No defects were identified during a mechanical inspection of a helicopter the day before it crashed in Broome, killing a well-known West Australian pilot and a 12-year-old girl.
The finding is made in a preliminary report by the Australian Transport Safety Bureau into the July 4 crash which killed prominent businessman Troy Thomas, 40, and 12-year-old Amber, whose family has requested her surname not be published.
Mr Thomas's daughter Mia and teacher's aide Maddy Down, 24, were also seriously injured.
The group had been setting off on a scenic flight on the Robinson R44 helicopter from an industrial property when it broke apart and fell to the ground.
Witnesses described hearing a bang as the helicopter reached about 55 feet (17 metres) .
Preliminary investigations revealed Mr Thomas and another pilot had reported feeling unusual vibrations through the tail rotor pedals several days earlier - a sensation Mr Thomas likened to having his feet tapped by spoons.
A report published on Wednesday reveals the helicopter was inspected the day before the crash by a maintenance engineer and no defects were found.
The dynamic balance of the tail rotor was also found to be within limits, and when a maintenance pilot started the helicopter, they could not feel any vibration.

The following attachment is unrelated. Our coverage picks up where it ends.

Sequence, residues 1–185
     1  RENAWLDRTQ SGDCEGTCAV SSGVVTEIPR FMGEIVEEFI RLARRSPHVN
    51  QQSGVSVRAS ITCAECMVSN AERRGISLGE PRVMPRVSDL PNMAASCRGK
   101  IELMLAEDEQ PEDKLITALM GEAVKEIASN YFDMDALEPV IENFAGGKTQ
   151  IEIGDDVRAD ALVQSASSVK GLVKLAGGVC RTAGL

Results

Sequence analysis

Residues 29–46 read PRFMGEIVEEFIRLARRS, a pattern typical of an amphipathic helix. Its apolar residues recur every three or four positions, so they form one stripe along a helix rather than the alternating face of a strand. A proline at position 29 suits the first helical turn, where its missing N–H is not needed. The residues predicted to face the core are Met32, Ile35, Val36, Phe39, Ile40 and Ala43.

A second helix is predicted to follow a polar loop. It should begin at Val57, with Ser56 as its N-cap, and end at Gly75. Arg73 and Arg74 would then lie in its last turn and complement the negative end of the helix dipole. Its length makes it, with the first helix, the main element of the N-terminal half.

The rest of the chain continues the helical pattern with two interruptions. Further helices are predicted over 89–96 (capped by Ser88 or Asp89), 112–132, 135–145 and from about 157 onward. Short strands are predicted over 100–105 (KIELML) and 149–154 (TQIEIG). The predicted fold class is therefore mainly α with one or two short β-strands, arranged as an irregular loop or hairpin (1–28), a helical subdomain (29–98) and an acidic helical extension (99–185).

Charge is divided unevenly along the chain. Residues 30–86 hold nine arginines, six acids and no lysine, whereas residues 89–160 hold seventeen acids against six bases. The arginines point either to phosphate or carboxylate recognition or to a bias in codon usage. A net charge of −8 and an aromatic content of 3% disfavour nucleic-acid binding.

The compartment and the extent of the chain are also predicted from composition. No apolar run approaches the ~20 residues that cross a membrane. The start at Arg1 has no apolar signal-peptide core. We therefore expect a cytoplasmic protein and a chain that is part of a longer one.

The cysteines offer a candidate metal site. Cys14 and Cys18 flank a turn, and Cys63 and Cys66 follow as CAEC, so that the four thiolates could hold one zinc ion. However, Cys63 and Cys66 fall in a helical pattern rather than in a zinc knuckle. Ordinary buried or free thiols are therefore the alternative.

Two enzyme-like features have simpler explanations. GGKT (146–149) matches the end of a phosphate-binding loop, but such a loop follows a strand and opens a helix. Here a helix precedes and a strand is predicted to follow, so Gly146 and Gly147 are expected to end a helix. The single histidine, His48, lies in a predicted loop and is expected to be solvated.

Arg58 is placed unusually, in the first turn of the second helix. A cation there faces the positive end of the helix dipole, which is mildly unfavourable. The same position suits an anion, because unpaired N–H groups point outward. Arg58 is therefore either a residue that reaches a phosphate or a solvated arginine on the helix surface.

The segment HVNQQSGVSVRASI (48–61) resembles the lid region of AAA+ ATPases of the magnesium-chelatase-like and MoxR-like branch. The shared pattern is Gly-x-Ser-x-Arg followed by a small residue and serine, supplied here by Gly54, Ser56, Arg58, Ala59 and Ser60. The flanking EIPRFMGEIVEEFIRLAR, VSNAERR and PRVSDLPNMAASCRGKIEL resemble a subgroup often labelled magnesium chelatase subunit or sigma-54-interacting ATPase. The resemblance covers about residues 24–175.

A test flight was not undertaken because of the confined nature of the yard and concerns with securing the site.
Mr Thomas was told about the findings and instructed to conduct a check flight.
ATSB transport safety director Mike Walker said the R44 pilot's handbook advised that a change in the sound or vibration of a helicopter could indicate an impending critical failure.
"It is not clear whether the pilot experienced any vibrations through the pedals at the time of the accident flight," Dr Walker said.
"Nevertheless, the ATSB urges any R44 pilot who experiences unusual vibrations through the tail rotor pedals to land as soon as possible and follow the advice in the pilot's operating handbook."
Investigations are continuing, including further analysis of CCTV footage.
Several major components of the R44 have been taken to the ATSB's technical facilities in Canberra for further analysis.
A 3D X-ray of the tail rotor gearbox found no evidence of internal damage.
"The ATSB will continue to extensively examine and analyse the recovered components as it seeks to determine the contributing factors behind the in-flight break-up," Dr Walker said.